By the way, that Naked Security post (near the end) has some tips on how to enable security features on the accounts of several mobile providers, including Verizon. That might or might not have made a difference in DeRay Mckesson’s incident, but it might have made it easier for him to regain control of his Verizon account.

20160619 news roundup

This blog is still an experiment, so I may try different things from time to time. Today I’m going to post a few news items that caught my interest lately. This serves a couple of purposes. It gives me a place to keep these things for later reference, and maybe it’ll provide you or me with something to put in a story.

Don’t use default passwords

The Liberal Party of Quebec uses video conferencing software to facilitate and/or record their meetings. No doubt they would prefer that the content of these meeting be confidential, but whoever set up the software left it with a default password. So it was easy enough for someone to connect to the videoconferencing software and to provide a vendor default password (which is probably in a publicly-available product manual). Someone did this and downloaded and published live and archived meeting content. This is a good illustration of the danger of not changing vendor default passwords.

Never shop for anything. Ever.

It’s getting harder and harder to have much privacy online. Sites like to track us as we browse the web, trying to figure out how ads affect our online shopping habits. And now it may be getting even worse. Facebook is planning to track us using our phones’ GPS and by the wireless access points our phones see (even if we don’t connect to the access points, our phones see them). Facebook can then sell this data to the owners of physical stores: “This many people physically visited one of your brick-and-mortar stores within this many days of viewing your advertisement online.” This is like that scene in Minority Report when the billboards address the Tom Cruise character by name as he walks through a store. I disable location services (GPS) on my phone, and when I think of it I turn off wireless when I’m away from home and work. It saves the battery, and it may help my privacy.


For those of us who wonder about humanity’s ability to detect alien spacecraft, here’s an interesting data point. Asteroid 2016 HO3 has been a quasi-satellite of Earth for decades, and it was only discovered in April of this year. It’s probably between 120 and 300 feet in size. Imagine sitting in the stands of an American football stadium and looking at an object (or a space vessel) that starts at one end zone and stretches at least to the 40-yard line (and maybe to the opposing end zone). 2016 HO3 never gets very close (it wanders around between 38 and 100 times the distance between the Earth and the moon), but that might be close enough to get a look at us.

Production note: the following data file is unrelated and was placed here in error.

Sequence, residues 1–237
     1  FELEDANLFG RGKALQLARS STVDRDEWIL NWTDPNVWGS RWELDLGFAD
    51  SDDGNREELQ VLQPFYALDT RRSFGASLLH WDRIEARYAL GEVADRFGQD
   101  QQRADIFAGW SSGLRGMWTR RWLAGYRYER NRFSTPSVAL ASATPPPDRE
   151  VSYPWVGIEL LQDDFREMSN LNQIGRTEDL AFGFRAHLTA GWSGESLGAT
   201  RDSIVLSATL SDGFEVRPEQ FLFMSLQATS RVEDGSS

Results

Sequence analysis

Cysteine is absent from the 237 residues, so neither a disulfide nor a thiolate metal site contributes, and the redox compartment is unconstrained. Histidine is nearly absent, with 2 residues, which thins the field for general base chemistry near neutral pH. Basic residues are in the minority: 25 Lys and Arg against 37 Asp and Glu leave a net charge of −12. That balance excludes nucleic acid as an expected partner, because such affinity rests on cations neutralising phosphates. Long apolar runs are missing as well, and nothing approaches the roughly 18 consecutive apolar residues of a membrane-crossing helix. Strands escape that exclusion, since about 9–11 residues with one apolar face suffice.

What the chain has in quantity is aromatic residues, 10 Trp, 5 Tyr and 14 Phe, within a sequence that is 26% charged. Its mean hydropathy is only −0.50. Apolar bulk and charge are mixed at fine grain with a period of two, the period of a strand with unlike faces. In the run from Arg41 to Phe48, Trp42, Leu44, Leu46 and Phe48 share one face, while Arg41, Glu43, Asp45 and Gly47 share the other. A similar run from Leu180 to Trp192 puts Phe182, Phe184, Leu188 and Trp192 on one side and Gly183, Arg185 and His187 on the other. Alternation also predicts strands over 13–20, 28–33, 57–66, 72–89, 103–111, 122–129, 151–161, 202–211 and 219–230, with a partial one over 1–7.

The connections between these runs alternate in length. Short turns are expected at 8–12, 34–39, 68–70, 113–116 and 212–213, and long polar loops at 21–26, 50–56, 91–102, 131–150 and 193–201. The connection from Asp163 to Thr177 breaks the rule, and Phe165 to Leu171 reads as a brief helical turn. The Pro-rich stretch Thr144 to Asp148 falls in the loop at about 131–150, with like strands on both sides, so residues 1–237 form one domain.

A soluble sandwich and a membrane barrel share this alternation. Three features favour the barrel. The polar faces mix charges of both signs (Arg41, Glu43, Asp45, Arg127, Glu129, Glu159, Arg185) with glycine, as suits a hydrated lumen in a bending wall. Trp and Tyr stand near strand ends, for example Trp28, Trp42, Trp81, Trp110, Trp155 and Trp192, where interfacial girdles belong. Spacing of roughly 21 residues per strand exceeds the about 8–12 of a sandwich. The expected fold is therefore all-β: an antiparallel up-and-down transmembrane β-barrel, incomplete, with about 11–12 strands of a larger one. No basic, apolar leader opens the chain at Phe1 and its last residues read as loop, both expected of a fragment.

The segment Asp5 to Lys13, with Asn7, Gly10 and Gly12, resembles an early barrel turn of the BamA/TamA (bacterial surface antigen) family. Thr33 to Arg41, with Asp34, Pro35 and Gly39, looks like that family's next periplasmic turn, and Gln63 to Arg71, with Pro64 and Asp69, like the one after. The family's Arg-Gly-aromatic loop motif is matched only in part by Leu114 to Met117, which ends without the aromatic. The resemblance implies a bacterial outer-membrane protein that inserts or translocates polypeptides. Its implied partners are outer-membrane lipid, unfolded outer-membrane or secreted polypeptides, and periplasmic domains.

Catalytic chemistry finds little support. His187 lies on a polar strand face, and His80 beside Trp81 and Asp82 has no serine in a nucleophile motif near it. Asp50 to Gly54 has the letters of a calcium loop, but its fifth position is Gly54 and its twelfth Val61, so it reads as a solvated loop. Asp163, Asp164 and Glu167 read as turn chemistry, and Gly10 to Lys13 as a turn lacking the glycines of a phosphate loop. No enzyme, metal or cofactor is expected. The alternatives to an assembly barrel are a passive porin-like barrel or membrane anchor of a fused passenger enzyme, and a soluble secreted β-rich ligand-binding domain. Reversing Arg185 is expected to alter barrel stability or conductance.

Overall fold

And today I learned that NASA has a Planetary Defense Coordination Office. They even have an organizational chart.

Passwords: salts, hashes

In the previous post we saw that network and web site accounts with reasonable security use hash functions to protect passwords.

But even using a hash function isn’t enough, because the bad guys have rainbow tables. A rainbow table is a list of common passwords (like Password123) and their hash values. So if a site suffers a data breach exposing account data, a simple hash function won’t be much of a barrier, because the criminal can compare the hash values (in the breach data) against a rainbow table and recover many of the weaker passwords.

To counter rainbow tables, sites typically salt users’ passwords: when someone creates a password, the site generates some random characters (the salt), appends that to the user’s password, runs the salted password through the hash function, and then stores the hash value and the salt. When the user tries to log in, the site takes the password they typed, appends the salt stored with the user’s account, sends that through the hash function, and compares the hash values.

Salting hashes sets the bar a lot higher, because the criminal would need to compute a new rainbow table for each password (because each password will have a different salt).

This is why I get frustrated with fiction that makes it look easy to crack passwords. Any account worth hacking will likely be protected by some or all of the following safeguards:

  1. salted and hashed passwords
  2. a password policy enforcing complexity rules (e.g., your password has to be at least eight characters, has to include numbers and punctuation characters, and can’t look too much like a word)
  3. active response locking an account after too many failed attempts
  4. two-factor authentication (you log in with your username and password, but then the site won’t give you access until you enter a code it sends to your cell phone)

Active response in particular makes guessing passwords impractical. If your character is trying to break into a network or web site account, too many failed attempts are going to end up locking the target account. Your character is better off trying to steal the password with a phishing attack, social engineering, using a keylogger, exploiting a flaw in the “forgot my password” feature, or even a security camera pointed at the keyboard.

And an account protected by two-factor authentication is nearly unassailable, because your character would need the target’s password and their cell phone. Social engineering might be best here.